For the farmer, the seed is not merely the source of future plants and food; it is a vehicle through which culture and history can be preserved and spread to future generations. For centuries, farmers have evolved crops and produced an incredible diversity of plants that provide life-sustaining nutrition. In India alone, the ingenuity of farmers has produced over 200,000 varieties of rice, many of which now line store shelves around the world. This productive tradition, however, is under attack as globalized, corporate regimes increasingly exploit intellectual property laws to annex these sustaining seeds and remove them from the public sphere.
In Stolen Harvest: The Hijacking of the Global Food Supply, Shiva explores the devastating effects of commercial agriculture and genetic engineering on the food we eat, the farmers who grow it, and the soil that sustains it. This prescient critique and call to action covers some of the most pressing topics of this ongoing dialogue, from the destruction of local food cultures and the privatization of plant life, to unsustainable industrial fish farming and safety concerns about corporately engineered foods. The preeminent agricultural activist and scientist of a generation, Shiva implores the farmers and consumers of the world to make a united stand against the genetically modified crops and untenable farming practices that endanger the seeds and plants that give us life.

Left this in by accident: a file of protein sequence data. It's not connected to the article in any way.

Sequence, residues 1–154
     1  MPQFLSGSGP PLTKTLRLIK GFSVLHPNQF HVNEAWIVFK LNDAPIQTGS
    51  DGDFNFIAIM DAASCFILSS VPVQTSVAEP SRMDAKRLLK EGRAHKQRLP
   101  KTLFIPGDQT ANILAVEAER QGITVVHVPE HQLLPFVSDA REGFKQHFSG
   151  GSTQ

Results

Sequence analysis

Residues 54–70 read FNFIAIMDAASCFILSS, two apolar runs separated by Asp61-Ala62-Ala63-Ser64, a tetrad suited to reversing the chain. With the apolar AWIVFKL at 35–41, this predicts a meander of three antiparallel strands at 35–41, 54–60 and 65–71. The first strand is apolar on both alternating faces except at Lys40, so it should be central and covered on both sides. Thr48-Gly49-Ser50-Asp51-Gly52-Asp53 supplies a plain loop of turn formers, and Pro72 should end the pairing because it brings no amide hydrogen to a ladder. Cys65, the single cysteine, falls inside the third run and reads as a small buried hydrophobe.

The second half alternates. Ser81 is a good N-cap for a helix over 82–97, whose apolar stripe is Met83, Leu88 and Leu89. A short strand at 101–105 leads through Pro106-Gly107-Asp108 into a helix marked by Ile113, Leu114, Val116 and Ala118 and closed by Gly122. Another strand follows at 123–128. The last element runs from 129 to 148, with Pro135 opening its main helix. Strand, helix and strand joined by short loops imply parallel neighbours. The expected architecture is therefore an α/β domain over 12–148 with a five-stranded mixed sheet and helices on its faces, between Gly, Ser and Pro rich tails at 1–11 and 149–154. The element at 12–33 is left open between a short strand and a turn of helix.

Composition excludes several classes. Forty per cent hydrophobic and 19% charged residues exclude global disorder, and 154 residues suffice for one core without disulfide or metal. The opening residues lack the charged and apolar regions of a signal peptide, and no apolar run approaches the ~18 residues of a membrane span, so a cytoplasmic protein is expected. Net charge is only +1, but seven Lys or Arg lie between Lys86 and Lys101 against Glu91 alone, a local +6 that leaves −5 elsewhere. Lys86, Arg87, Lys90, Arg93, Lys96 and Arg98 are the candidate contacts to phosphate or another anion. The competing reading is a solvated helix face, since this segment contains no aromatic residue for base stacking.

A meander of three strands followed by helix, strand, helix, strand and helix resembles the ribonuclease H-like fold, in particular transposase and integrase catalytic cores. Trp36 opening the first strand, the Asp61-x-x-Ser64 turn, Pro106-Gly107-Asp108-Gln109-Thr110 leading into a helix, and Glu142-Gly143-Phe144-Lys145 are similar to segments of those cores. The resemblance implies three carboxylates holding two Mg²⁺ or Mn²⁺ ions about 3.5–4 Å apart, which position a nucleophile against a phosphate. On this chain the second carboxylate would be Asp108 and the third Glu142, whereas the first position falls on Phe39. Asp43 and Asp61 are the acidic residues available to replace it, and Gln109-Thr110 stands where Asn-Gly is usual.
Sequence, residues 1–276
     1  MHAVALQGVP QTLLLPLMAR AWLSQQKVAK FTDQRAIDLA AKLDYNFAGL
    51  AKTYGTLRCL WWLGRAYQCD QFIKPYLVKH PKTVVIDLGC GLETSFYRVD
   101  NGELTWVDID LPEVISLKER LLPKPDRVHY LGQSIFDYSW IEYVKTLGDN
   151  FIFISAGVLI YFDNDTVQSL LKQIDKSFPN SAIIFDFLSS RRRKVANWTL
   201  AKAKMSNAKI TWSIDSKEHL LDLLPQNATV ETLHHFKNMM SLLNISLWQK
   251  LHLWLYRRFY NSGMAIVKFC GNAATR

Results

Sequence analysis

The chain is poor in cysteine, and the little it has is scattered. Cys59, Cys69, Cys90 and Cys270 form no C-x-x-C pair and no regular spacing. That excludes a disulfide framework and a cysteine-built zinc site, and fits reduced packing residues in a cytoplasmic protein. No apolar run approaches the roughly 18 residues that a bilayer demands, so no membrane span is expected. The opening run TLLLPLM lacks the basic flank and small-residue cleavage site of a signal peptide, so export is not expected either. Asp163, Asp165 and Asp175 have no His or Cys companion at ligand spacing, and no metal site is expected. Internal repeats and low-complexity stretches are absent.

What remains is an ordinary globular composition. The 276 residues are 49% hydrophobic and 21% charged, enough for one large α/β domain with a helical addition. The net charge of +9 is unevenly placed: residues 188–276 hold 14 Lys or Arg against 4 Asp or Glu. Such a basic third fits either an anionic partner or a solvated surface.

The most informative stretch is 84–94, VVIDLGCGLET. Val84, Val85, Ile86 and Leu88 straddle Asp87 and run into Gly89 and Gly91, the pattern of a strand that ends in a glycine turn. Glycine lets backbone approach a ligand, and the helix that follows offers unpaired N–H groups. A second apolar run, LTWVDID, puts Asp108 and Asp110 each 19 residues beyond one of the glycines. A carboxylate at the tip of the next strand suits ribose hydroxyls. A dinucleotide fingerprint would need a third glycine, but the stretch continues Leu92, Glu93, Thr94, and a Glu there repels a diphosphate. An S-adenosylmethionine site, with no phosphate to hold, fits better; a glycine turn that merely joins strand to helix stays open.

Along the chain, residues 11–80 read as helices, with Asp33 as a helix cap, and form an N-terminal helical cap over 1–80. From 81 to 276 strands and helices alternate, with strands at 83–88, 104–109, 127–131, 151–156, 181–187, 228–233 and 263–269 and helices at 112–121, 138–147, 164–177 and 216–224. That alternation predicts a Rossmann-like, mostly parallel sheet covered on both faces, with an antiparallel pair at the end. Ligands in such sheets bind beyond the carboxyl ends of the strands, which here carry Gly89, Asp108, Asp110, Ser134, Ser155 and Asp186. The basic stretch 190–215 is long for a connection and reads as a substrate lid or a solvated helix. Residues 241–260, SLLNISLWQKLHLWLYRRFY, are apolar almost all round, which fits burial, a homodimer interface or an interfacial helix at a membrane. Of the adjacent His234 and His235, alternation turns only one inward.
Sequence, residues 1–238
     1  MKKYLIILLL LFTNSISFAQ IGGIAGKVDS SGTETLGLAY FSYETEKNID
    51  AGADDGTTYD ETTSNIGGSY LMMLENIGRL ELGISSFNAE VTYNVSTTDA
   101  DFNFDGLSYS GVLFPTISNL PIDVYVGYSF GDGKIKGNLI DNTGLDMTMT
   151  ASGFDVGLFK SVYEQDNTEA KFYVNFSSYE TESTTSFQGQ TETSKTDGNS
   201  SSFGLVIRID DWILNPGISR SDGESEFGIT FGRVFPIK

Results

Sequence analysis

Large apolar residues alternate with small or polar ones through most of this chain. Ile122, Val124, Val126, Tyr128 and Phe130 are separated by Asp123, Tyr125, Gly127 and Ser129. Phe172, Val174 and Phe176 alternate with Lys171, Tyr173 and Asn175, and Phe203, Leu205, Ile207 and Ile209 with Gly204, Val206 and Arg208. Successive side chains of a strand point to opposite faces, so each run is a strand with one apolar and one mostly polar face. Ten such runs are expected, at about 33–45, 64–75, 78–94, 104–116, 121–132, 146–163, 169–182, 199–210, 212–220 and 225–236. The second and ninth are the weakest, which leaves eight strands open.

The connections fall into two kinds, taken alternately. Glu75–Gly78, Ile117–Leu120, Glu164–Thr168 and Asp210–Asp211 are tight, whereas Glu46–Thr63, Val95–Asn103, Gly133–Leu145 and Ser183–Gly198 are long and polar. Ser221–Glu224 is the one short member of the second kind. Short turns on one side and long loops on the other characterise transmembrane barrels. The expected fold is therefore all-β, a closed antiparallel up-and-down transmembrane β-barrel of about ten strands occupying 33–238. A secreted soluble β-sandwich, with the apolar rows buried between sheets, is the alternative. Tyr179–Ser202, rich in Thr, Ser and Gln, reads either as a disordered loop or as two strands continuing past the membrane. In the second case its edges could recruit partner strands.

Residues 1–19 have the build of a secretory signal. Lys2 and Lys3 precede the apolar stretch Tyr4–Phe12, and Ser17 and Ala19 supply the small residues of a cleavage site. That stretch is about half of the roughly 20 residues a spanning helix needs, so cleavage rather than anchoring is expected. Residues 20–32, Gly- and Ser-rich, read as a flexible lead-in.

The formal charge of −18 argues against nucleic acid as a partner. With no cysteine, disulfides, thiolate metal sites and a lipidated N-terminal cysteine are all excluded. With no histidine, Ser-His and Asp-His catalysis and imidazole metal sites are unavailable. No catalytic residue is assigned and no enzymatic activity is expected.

" Stolen Harvest is an unremitting indictment of genetic engineering, on moral, cultural, and economic grounds, especially as it applies to the third world." -- New York Review of Books
"Shiva has devoted her life to fighting for the rights of ordinary people in India. Her fierce intellect and her disarmingly friendly, accessible manner have made her a valuable advocate for people all over the developing world." -- Ms. Magazine
"A leading thinker who has eloquently blended her views on the environment, agriculture, spirituality, and women's rights into a powerful philosophy." -- Utne Reader
"The South's best known environmentalist." -- New Internationalist